employee emailed McCormick to ensure that he was receiving
his emails because he, too, had not received a response. (DSF
¶ 18; PRDSF ¶ 18).
to Maquet, Mueller spoke with McCormick in May about his lack
of engagement at training, tendency to leave the room while
on his phone, and lack of responsiveness. (DSF ¶ 20).
McCormick disputes that this conversation ever happened.
(PRDSF ¶ 20).
claims that McCormick failed to approve twelve expense
reports on time. (DSF ¶ 21). McCormick claims that they
were submitted in a timely manner. (PRDSF ¶ 21).
claims that McCormick failed to obtain credentials on
schedule; this allegedly prevented him from accessing
customer accounts. (DSF ¶ 22). McCormick states that he
actively worked on his credentials and training; he claims
the emphasis on the "so-called credentialing" in
June and July 2014 was part of the retaliation against him
for reporting allegedly illegal activity. (PRDSF ¶ 22).
24, 2014, McCormick received an email by a Maquet employee
that said his training certifications were
"non-compliant." (DSF ¶ 23; ECF No. 77-2 ex.
P-R). McCormick replied that he had been very busy and would
finish the trainings the following week on vacation. (ECF No,
77-2, ex. P). He submitted the certifications on July 8,
2014. (ECF No. 77-2, ex. Q).
to Maquet, several individuals spoke to McCormick about his
certifications. (DSF ¶ 14). McCormick alleges that he
was not told the training was "required" and that
there was not an emphasis on training until after he reported
allegedly illegal activity. (PRDSF ¶ 24).
Cleveland Endoscopic Vessel Harvesting Course
was scheduled to host an Endoscopic Vessel Harvesting Course
in Cleveland, Ohio (the "Cleveland Course"). (DSF
¶ 25; PRDSF ¶ 25). On May 28, 2014, Chris Woycke, a
Territory Manager who reported to McCormick, emailed Susan
Mondano, a Customer Education Specialist at Maquet. (DSF
¶ 26; PRDSF ¶ 26). Woycke wrote that he wanted to
bring a vein harvester and also the hospital's
Cardiovascular Operating Room Manager (the "CVOR
Manager") to the Cleveland Course, and he requested a
hotel room for the CVOR Manager. (DSF ¶ 26; PRDSF ¶
26). According to Maquet, Mondano asked Woycke for an email
showing that McCormick had approved the request. (DSF ¶
26; PRDSF ¶ 26). McCormick alleges that he approved the
hotel request for the vein harvester only. (PRDSF ¶ 26;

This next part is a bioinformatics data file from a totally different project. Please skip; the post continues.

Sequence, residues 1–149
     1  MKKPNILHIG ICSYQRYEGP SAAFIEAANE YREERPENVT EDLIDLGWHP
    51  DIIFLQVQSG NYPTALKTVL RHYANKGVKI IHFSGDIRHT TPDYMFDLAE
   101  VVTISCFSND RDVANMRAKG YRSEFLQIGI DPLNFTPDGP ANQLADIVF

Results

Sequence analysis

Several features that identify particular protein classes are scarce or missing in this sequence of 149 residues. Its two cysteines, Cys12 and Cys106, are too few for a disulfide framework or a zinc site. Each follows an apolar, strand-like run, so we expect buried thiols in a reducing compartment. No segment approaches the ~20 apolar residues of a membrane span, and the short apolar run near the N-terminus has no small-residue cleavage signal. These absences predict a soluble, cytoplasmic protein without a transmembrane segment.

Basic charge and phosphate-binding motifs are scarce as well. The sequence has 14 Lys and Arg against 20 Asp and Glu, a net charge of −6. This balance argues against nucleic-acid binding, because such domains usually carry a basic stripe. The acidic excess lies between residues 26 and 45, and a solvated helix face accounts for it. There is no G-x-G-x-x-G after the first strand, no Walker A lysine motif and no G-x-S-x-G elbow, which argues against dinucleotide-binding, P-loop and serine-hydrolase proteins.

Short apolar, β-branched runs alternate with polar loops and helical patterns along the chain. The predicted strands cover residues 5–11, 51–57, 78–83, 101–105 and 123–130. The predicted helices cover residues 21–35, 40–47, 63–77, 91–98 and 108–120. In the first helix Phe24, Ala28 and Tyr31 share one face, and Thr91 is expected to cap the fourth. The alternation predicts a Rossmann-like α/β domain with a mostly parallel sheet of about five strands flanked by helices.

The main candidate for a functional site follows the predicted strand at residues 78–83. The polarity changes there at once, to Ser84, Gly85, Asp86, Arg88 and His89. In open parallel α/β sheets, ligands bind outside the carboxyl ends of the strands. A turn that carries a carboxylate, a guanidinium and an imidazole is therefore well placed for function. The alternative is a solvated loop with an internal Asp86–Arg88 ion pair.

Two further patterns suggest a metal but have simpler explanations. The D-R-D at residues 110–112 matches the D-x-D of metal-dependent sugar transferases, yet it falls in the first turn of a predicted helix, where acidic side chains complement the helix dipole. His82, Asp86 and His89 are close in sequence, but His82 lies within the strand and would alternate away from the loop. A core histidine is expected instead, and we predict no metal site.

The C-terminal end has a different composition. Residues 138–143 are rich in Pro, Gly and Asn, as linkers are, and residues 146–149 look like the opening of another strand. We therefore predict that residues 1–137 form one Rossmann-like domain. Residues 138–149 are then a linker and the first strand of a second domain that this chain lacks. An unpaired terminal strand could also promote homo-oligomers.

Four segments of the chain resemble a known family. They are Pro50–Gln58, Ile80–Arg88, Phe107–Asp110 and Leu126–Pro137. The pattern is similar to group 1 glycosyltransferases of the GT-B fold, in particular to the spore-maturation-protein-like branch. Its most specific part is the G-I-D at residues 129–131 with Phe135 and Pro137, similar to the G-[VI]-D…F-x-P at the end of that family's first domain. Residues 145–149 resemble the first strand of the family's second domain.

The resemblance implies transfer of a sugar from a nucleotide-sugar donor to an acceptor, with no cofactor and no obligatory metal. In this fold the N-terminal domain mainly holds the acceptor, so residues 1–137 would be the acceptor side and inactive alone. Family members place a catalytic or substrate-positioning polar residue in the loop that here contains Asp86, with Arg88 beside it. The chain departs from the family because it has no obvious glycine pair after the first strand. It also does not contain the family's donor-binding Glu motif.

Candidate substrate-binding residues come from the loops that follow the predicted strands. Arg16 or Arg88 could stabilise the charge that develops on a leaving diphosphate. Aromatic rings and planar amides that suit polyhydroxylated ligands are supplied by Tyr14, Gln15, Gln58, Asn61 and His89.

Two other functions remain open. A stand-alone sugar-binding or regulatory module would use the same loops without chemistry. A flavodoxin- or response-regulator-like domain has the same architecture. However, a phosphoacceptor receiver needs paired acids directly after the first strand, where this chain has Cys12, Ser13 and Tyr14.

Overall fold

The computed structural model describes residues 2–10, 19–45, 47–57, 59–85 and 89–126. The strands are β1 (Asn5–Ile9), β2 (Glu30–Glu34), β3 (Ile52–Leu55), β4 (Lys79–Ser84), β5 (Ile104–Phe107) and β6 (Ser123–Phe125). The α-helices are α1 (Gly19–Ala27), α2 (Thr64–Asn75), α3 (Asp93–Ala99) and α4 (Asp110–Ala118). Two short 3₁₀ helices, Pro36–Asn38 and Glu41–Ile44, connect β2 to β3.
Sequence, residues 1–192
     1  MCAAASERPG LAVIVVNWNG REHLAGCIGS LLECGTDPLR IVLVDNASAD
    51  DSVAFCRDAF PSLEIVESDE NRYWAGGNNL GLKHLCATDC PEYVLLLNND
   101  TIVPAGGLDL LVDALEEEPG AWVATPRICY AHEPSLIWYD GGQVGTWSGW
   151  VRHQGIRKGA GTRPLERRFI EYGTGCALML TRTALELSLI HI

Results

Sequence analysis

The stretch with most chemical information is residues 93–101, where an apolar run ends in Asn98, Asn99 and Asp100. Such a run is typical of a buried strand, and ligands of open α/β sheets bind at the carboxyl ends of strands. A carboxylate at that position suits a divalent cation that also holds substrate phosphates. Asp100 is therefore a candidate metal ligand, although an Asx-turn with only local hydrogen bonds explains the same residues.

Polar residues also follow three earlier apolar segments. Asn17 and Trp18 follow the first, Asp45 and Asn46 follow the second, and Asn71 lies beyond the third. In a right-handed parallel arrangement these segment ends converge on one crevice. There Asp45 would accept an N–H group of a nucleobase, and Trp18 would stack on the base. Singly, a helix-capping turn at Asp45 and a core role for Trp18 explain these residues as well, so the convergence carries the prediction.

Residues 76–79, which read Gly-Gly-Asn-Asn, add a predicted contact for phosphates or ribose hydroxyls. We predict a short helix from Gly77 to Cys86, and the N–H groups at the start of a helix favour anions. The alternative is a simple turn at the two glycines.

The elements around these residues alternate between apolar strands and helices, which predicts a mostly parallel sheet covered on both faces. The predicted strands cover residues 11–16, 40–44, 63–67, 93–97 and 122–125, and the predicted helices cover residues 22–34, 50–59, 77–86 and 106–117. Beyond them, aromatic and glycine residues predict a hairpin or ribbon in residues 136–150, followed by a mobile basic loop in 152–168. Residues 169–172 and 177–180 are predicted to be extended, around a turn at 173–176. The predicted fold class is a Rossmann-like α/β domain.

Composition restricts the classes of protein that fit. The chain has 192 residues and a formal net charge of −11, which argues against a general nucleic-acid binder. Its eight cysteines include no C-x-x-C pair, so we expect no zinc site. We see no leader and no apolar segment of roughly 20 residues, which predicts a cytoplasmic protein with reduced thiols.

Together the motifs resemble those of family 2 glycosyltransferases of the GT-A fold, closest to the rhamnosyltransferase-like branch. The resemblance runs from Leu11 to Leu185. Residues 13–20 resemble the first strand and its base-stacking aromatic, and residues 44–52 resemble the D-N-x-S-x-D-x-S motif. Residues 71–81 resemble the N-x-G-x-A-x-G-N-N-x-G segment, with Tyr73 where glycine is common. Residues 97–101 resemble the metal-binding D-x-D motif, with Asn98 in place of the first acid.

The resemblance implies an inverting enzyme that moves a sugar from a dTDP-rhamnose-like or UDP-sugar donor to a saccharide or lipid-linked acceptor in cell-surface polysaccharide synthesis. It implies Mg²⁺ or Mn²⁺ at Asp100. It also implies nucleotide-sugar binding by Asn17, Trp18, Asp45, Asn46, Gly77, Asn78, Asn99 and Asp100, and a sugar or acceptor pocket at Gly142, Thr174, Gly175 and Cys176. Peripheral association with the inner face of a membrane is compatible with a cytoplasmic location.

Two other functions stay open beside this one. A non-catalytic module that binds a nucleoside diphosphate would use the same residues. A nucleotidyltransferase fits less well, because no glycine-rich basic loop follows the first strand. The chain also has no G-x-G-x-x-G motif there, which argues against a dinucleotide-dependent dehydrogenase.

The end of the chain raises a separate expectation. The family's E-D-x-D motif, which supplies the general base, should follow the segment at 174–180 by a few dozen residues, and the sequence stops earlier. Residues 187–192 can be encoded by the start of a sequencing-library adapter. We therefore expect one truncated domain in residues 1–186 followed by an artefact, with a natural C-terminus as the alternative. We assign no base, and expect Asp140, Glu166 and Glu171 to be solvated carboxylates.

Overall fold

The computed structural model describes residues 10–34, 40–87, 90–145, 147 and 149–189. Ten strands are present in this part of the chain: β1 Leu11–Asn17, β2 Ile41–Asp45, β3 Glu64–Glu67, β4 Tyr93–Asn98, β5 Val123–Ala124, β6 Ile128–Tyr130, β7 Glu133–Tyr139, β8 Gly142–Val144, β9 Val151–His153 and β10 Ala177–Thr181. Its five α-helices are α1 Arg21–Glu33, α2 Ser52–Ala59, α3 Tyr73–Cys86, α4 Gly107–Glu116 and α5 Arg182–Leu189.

ECF No. 77-2, ex. T).
30, 2014, Mondano wrote to Woycke and explained that
observers were not approved to attend the program; Woycke
acknowledged this. (DSF ¶ 30; PRDSF ¶ 30).
According to Maquet, Maquet's policy did not permit
observers to attend the Cleveland Course. (DSF ¶ 31).
13, 2014, Tracy Flanigan, a Cardiovascular Account Manager on
McCormick's team, emailed McCormick to say that Woycke
had brought "a customer" to the Cleveland Course.
(DSF ¶ 31; PRDSF ¶ 31). Flanigan also
reported that she refused to book an additional hotel room
and that Woycke, in response, was disrespectful to her. (DSF
¶ 31; PRDSF ¶ 31). McCormick claims that this
reflected a misunderstanding; he did not know the
"customer" was the CVOR Manager until June 17,
2014. (PRDSF ¶ 32).
13, 2014, Flanigan called Merchant and reported her concerns.
(DSF ¶ 33; PRDSF ¶ 33). Flanigan then emailed
McCormick to request that he contact her; she mentioned that
Merchant might contact McCormick regarding Woycke's
actions. (DSF ¶ 34; PRDSF ¶ 34). Flanigan, emailing
McCormick on Friday (evidently June 13, 2014), requested that
they speak about the incident on Tuesday (evidently June 17,
2014). (ECF No. 77-2, ex. S, MAQUET 000058, 69). McCormick
replied to Flanigan's email later on June 13, 2014 and
agreed to discuss the matter on Tuesday. (Id.).
speaking with Flanigan, Merchant contacted Mondano. Mondano
confirmed that Woycke-and another Territory Manager, Gary
Cowoski-had been told that the CVOR Manager could not attend
the Cleveland Course. (DSF ¶ 35; PRDSF ¶ 35).
Merchant then called McCormick and left a message about this
matter. (DSF ¶ 36; PRDSF ¶ 36). Merchant also
contacted Chris Odom, Maquet's then-Vice President of
Sales, regarding Woycke's actions. (DSF ¶ 37; PRDSF
claims that the CVOR Manager's attendance may have
violated an anti-kickback statute. (PRDSF ¶ 31).
Merchant testified that the CVOR Manager's attendance at
the Cleveland Course did not raise any red flags with respect
to any anti-kickback statute. The CVOR Manager, said
Merchant, could have had any number of legitimate reasons to
attend; for example, she could have sought to expand her
utilization of the featured product or to see how a larger